Once a flourishing agrarian village, Aralikattehundi is now a ghost town

Jun 8, 2017

MYSURU: Eyes darting restlessly, his back reclined on a pillar in the verandah of his dilapidated house, Madegowda’s voice seemed to echo through the deserted streets of Aralikattehundi village as he spoke of the time when his sons left the place after successive droughts blighted the family’s fortunes.

Aralikattehundi, 22km from Nanjangud, is what one might call a “ghost” village and 70-year-old Madegowda its only inhabitant. “Like all others, my children too left for Mysuru and Bengaluru in search of greener pastures. They send me money every month for sustenance,” said Madegowda.

A cloud of despair hangs heavily over the village, which falls within the purview of the Varuna assembly constituency represented by chief minister Siddaramaiah. With all the villagers deserting Aralikattehundi, the once fertile land now lies barren. The people of the village, who largely relied on agriculture for subsistence, migrated to urban centres such as Bengaluru following successive droughts. The steady stream of migration has now left Aralikattehundi with a solitary figure.

Pointing out that agriculture in the village was rainfall-dependent, Madegowda said, “There were around 70 families here, most of whom belonged to the Kuruba community, while a few of them were from the Kaniru caste. We cultivated millets, grain and sugarcane. Some farmers owned up to 25 acres of land. But lack of irrigation facilities forced them to migrate, and the fertile land turned barren.”

However, Madegowda has no wish to leave the village where he was born, and has lived his entire life. “I once had 50 cattle, but I only have some sheep now,” he added.

For a very long time, Nilavathamma was Madegowda’s next door neighbor. However, the bleak scenario in the village forced her to go to her son Ashwath, a labourer at a truck office, in Nanjangud. “All my five children have gone to the cities. There not enough water for drinking in Aralikattehundi,” she said.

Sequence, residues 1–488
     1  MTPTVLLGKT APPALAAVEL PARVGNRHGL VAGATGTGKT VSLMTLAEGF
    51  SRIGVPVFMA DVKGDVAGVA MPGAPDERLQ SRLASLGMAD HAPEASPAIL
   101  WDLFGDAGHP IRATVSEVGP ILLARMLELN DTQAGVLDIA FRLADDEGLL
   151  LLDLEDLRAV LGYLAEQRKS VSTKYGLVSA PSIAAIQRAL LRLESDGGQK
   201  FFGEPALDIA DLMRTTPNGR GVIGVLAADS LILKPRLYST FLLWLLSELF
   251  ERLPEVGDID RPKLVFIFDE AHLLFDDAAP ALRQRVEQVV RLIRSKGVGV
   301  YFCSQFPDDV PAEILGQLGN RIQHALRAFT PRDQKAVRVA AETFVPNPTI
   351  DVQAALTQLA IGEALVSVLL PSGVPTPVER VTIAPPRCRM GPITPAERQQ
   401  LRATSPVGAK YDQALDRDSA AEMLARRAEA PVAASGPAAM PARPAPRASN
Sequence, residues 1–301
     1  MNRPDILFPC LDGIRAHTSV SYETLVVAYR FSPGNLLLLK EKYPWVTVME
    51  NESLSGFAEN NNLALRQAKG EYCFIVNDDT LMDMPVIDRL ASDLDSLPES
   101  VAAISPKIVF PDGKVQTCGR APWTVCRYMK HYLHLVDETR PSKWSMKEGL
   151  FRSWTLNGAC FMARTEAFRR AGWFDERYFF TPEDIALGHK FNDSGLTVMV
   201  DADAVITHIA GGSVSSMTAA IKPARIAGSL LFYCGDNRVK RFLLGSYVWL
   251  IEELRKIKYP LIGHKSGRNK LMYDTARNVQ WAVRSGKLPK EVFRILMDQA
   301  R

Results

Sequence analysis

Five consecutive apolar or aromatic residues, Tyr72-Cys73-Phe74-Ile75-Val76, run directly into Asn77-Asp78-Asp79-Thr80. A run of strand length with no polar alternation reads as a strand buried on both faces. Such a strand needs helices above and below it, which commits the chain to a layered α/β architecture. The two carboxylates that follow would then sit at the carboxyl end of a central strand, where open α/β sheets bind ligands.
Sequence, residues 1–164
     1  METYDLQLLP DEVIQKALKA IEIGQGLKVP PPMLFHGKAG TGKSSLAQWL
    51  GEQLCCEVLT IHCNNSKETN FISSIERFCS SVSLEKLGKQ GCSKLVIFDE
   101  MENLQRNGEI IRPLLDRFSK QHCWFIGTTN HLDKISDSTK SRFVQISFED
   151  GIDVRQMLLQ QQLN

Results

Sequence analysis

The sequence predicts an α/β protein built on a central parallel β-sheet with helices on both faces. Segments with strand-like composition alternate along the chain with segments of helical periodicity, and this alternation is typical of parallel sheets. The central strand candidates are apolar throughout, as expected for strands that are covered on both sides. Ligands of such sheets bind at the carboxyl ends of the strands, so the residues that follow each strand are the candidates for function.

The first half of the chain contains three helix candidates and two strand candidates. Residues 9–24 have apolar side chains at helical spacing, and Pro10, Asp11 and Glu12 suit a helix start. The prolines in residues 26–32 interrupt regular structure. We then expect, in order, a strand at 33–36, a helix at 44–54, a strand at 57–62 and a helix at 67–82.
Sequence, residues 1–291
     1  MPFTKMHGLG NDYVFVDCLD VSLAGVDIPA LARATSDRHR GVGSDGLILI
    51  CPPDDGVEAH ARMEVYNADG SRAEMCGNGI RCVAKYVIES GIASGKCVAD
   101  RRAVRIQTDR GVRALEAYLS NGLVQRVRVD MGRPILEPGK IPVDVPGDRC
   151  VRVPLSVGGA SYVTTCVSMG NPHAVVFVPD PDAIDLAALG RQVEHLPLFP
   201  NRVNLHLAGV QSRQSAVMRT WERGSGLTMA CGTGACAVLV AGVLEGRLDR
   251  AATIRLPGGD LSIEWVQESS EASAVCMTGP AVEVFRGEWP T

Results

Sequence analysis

The four water tanks constructed by the zilla panchayat to supply water for the villagers have gone dry, as have the two wells that date back to 1953. With the groundwater reserves having depleted, handpumps too have been rendered dysfunctional.

The anganwadi centre and the lower primary government school in the village too were closed in 2013. Madhu, a resident of the neighbouring Karya village, said, “Children from our village went to the school at Aralikattehundi. But, we have been sending them to schools in neighbouring villages after it was shut.”
Following reports on the condition of the village in the media, Mysuru district administration sent a team of officials led by Nanjangud taluk executive officer Revanna to Aralikattehundi. The officials were tasked with chalking out developmental programmes for the village, to bring back those who have migrated.
Zilla panchayat CEO P Shivashankar told TOI that migration from the village was not a recent phenomenon, but had been happening for the past 30 years. “I’ve sent a team of officers, including those from the irrigation department to inspect the village. We’ll first see the lakes in the village are on the list of 248 others marked for development in Chamarajnagar district and Nanjangud taluk in Mysuru. If they are not on the list, they’ll be included. Once the lakes are revived, agricultural activity will pick up. We’ll also ensure supply of drinking water, besides developing irrigation facilities and encourage farmers to take up cultivation of commercial crops with the help of the agriculture department,” Shivashankar added.
Meanwhile, villagers said that CM Siddaramaiah’s son Yathindra will be visiting the village on Thursday for inspection.